By now I'd lost the will to fish so I went out with my camera on Saturday. Sunday could easily have headed in the same direction when I awoke to hear rain battering on the window putting paid to an early piking start. Yes. I am getting soft in my old age! The excuse being that fishing mobile in the rain means getting wet, and I didn't fancy sitting it out in one spot all day. After doing some work after breakfast the weather looked to be improving. A check on the interwebs showed that yesterday's forecast for today of rain later in the day had been modified to no rain until after dark. I hastily sorted the gear out and set out.
It was sunny but cool in the wind so I chose my first swim based on available shelter and past form. There's something bleakly atmospheric on days like this when you're out amongst the reeds with flocks of geese struggling noisily upwind that goes hand in hand with pike fishing.
With an hour and a half of light left I was about to put the rods in the quiver for a final move when rain blew in. Up with the brolly until it passed over. There were two swims I fancied, both were free. However there was another piker in the swim next to one of them. I could have fished my first choice swim without interfering with the other chap but decided to drop in the second choice. Partly because it's a swim I've been meaning to fish for a while.
I rarely use popped up deadbaits, but that doesn't stop me messing about with ways to easily get deads up off the bottom. So far all methods have been less than successful. My latest effort is pretty straightforward. The photo should be self-explanatory. There's a loop crimped into the end of the wire to allow it to be pulled through the bait with a baiting needle of some sort. The pop up float is held in place with a pellet stop. The bait certainly floats vertically on this rig, rather than flopping over as with my last hopeless rig. Not that pike are likely to be bothered!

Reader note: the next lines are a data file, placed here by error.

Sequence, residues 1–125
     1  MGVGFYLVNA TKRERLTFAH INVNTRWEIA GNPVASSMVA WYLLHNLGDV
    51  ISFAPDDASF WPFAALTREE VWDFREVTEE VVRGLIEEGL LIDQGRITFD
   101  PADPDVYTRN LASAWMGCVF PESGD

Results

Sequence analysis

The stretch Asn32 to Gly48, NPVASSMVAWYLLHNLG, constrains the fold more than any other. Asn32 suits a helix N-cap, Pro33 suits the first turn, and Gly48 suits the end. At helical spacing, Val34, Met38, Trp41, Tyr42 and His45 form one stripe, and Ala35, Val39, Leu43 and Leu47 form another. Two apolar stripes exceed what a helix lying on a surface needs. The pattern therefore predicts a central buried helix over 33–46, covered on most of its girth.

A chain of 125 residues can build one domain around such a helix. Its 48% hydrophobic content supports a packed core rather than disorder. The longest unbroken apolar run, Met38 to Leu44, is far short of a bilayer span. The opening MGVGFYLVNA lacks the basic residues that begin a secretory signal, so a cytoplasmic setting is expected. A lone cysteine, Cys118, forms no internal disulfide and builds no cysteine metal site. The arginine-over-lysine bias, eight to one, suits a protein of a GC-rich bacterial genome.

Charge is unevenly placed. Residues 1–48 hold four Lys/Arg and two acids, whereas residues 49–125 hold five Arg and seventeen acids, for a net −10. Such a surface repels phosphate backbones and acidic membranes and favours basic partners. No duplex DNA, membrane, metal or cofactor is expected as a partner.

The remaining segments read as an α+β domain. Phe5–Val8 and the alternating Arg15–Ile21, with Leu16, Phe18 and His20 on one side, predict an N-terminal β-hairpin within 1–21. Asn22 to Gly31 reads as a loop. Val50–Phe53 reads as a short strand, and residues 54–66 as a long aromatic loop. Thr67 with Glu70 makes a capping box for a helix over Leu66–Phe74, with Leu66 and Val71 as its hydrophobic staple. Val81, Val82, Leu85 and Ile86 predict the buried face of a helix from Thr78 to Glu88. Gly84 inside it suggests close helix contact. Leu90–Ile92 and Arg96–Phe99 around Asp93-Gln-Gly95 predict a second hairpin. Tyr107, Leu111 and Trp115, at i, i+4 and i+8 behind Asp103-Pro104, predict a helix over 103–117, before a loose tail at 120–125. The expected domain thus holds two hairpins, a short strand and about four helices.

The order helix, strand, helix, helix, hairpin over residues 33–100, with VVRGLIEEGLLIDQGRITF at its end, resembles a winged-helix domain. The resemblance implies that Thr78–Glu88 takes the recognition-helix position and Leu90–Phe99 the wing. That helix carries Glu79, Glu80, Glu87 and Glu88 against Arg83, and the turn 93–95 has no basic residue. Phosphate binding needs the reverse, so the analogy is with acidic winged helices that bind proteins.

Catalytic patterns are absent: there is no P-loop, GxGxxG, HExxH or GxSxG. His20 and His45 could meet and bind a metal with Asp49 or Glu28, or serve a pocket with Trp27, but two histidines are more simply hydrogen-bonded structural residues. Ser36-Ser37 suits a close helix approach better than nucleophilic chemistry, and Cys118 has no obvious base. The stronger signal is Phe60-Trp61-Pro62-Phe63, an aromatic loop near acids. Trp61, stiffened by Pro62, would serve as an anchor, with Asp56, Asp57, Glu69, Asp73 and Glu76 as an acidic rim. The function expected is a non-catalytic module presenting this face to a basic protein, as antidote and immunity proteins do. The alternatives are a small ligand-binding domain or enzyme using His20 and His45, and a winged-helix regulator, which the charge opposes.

This bait was dropped in the margin in my final swim while I chopped up a fresh lamprey to use on the other rod. With that baited up I wound the herring in and chucked it further out to the left while the lamprey head section was dropped close in to the right. Things were looking grim given that evenings might have switched off. I sat down and got the flask out. It was warmer in this swim, being sheltered from the strong wind which was blowing from the prevailing direction. The tea was poured and the flask closed. I hadn't taken a sip when I saw the right hand float on the move.
I tip-toed to the rod so as not to disturb the pike and cause it to drop the bait. Then I wound down to feel the weight of the fish. An unspectacular fight ensued with the lamprey hanging from the scissors. In the net the flying treble tangled. It seemed like a good idea to flick the other hook out of the pike while it was still in the net in the edge. It seemed like a good idea.
Somehow the tangled hook caught one of my fingers when the pike woke up. Luckily, or not, the hook ripped out again. I left the still hooked pike in the net while I sorted out the mat, sling and forceps out.
The hook in the pike was easily removed. It actually came free when I tried to pull the lamprey off it to get a better grip on the hook shank. The pike was weighed, then sacked up while I sorted the chaos out and found a plaster for my now bleeding finger as I wanted a photo for comparison purposes as its weight seemed familiar. At this point the other angler arrived and did the photographic honours. After the fish had drifted back whence it came it was time to find a fresh trace. That done it was almost time to pack in but I gave it another fifteen minutes. Maybe the pike haven't switched feeding times after all. That suits my lazy old bones!
With the photos uploaded to my computer it was time to make the comparisons. The tail root area is always reliable for comparing pike markings. It didn't take long to identify a number of matching spots, wiggles and stripes. There were some other markings on the flank which matched too. That's the third time I've caught that fish now, from three different swims. Mug?